The first day, I looked around and immediately realized I was 30 years older than most of the students and about the same age as the professor. That was spring quarter. This fall, I was still three decades older than the students and 13 years older than the professor. I'm not saying I expected anyone to ask me what in the world I thought I was doing there with all these young people -- who belong there -- but I did feel a bit out of my element at first. I thought about all the "older students" I encountered years and years ago, both as a TA and a student at the UW, and tried to recover my thoughts about them. I do remember being somewhat fascinated by them and feeling that they seemed way more experienced and way smarter than the people my age. That annoyed me. I also remember being grudgingly impressed by their ability to be outspoken without appearing to worry about what others might think. I know I was awestruck more than once by the ease with which they begged to differ with the revered professorial authority figures I found to be so scary and all-knowing. I don't remember ever scrutinizing their wrinkles or their wardrobe. I don't remember finding them out of touch or old school. I don't remember whether they fit in or not. I don't remember thinking "Wow! He/she is older than my dad/mom!"

Now I realize that these older students probably did not give a damn about any of these things. But I think what impressed me most about them -- although I would not have been able to articulate it at the time -- was their ability to just be in the moment. Their desire not to dominate The Universe but rather to ponder it and to keep pondering even though they were old and wise.

I feel incredibly lucky at this time in my life to be a student again. It is incredibly difficult, after all these years of reading for pay and sheer pleasure, to read once again for meaning and insight. Incredibly difficult. It is time-consuming: you have to read things more than once and take notes and think about what you are reading. You have to remember what you have read. You have to write about what you have read. My work as a translator involves focusing on and transforming a particular text from one language to another and then forgetting about it. This makes the whole business of being a student more challenging. But it is so interesting to be ignorant. Socrates said that awareness of one's own ignorance is the essence of wisdom. Maybe I am finally wise.

vendredi 1 janvier 2010

The Resolution Starts Now

I just read an article in Slate about the decade's ten best movies. Decade? Ten best movies? Should I even try and come up with my ten favorite movies since 2000? As I was reading the list, I was thinking yeah, I remember that movie. Yeah, that was good, or WTF? That movie sucked, or I never heard of that movie. What makes for a memorable movie?

The truth is, I'm not sure I can remember the last ten movies I have seen, let alone come up with a ten best list for the year or the decade. No kidding. Sometimes, I remember that I saw a movie two weeks ago but I can't remember what it was. I have to rack my brains. It's a little scary, but I try and not let these huge lapses bother me too much. When I start forgetting my name and leaving coffee pots on a burning stove to melt down and cause a fire, then I'll start to worry. I'm not saying these things have never happened. But if they have, I have forgotten.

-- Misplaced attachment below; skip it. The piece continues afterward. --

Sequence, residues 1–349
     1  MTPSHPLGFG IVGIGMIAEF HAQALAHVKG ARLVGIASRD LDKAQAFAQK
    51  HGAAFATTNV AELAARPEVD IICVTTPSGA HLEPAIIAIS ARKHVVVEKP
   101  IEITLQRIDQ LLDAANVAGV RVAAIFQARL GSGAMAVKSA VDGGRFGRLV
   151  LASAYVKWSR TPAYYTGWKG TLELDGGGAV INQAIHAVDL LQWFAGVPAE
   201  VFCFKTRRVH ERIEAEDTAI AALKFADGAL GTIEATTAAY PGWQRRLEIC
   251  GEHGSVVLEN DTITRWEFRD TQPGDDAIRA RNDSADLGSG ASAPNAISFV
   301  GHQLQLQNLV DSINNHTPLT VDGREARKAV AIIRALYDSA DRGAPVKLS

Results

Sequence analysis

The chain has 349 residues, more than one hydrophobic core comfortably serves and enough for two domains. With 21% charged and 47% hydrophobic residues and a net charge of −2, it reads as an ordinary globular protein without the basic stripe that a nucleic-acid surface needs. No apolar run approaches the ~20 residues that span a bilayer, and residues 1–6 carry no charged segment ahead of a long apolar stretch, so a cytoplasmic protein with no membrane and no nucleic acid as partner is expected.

Maybe I should try and come up with a list of the ten most memorable things I did in 2009, or the ten things I did that I remember the most vividly. I'm going to work on that and report back.

In the meantime, a few photos from last night's Moroccan dinner. It was fabulous. My flight got in at 1:40 (35 minutes early) and I hit the ground running, as they say. Nawal and I had a brief conference about what needed to be done between now and 8 pm(everything) and who would do what. Since there were now 15 of us, we thought a little more lamb was needed for the tagine. That's how we discovered at about 3:30 pm that the butcher at The Swinery had forgotten our order. After screaming and cursing for about ten seconds, I went up to Metropolitan Market and found a superb, supremely expensive gigot d'agneau . The rest was easy. I even bought flowers to go with the Salvadorean fair-trade hand-made tablecloth I found in San Francisco, and a bunch of bright red cotton "buffet napkins" that were on sale for a ridiculously low price. I had to look about five times to believe it. Metropolitan selling homewares for Costco prices?

Nawal got the tagine going while we set up two long tables in our entryway/library. I only had the one tablecloth, however. So I did what anyone would do. I asked myself what Martha Stewart or Rachel Ray would do. Since I know nothing about either one, except for their names, this was a tough challenge. But the answer came to me when I walked into my office and saw an unused roll of wrapping paper. I would like to be able to report that I took used wrapping paper and recycled it, but that would be a lie. Anyway, Walt wrapped one of the tables with it. The rest was easy. Candles and colorful dishes for all the goodies. Almonds, olives, dates, walnuts, cornichons... plus Moroccan lentils,green peppers and tomatos, rice and corn salad, and a festive salad for the season (arugula, shaved fennel, pomagranate seeds and avocado). As appetizers, we served an assortment of cheeses and a venison pâté. Dessert was the dates and walnuts, plus clementines, chocolates and some cardamom cookies that one of the guests had made.

I had about fifteen minutes to spare for my shower. After the shower, I discovered that my make-up bag must have fallen out of my carry-on luggage that I stowed under the seat in front of me as a courtesy to my fellow passengers. I had nothing but some old lip-liner, some even older mascara and some tinted moisturizer. The upside is that it took me no time to get ready for the party!
The champagne, wine and beer flowed freely. Happy New Year!
Top to bottom: Most of us around the tables
The wrapped table, with flowers
Walt pours the champagne in anticipation of midnight
Nawal in her Moroccan robe and me
Azy, crazy on chapmagne
No party is complete without Neko